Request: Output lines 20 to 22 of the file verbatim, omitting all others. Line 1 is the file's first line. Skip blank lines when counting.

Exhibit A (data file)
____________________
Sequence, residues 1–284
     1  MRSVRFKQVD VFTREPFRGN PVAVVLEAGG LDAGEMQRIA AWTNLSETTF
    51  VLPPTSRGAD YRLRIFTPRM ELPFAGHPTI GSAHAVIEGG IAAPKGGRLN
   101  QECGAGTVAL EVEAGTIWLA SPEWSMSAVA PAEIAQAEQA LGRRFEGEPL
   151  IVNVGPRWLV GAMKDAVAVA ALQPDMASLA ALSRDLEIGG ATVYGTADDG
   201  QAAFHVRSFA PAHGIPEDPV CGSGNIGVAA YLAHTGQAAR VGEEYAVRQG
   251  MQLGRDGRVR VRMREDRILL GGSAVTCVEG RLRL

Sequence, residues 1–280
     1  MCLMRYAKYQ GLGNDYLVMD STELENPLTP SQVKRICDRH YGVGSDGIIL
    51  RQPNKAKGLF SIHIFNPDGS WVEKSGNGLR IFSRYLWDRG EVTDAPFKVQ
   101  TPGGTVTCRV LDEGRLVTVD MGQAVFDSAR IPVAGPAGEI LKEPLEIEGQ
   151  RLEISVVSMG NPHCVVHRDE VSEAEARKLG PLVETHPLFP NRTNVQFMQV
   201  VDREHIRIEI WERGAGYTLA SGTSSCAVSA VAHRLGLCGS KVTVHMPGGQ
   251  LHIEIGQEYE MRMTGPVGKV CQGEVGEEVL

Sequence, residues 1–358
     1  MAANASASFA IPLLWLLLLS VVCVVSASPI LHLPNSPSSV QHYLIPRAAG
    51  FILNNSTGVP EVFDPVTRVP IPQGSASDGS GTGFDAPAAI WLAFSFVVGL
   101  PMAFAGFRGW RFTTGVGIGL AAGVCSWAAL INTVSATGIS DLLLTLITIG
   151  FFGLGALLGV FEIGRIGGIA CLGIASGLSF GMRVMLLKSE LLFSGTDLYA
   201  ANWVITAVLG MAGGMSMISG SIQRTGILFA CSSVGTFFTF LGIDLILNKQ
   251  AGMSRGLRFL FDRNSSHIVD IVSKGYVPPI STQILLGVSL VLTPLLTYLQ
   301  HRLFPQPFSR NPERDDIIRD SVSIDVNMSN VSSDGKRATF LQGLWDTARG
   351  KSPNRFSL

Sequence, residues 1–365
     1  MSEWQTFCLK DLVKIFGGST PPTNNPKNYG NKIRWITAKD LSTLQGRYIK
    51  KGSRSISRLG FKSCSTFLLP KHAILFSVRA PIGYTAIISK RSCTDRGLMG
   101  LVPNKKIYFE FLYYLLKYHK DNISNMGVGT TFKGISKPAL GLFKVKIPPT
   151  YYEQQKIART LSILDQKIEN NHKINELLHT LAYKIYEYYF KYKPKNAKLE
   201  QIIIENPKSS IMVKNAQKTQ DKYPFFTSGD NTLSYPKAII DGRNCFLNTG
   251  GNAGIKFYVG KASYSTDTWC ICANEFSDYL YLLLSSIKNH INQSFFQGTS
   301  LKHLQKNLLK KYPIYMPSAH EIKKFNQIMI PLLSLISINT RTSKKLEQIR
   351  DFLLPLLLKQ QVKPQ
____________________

   201  ANWVITAVLG MAGGMSMISG SIQRTGILFA CSSVGTFFTF LGIDLILNKQ
   251  AGMSRGLRFL FDRNSSHIVD IVSKGYVPPI STQILLGVSL VLTPLLTYLQ
   301  HRLFPQPFSR NPERDDIIRD SVSIDVNMSN VSSDGKRATF LQGLWDTARG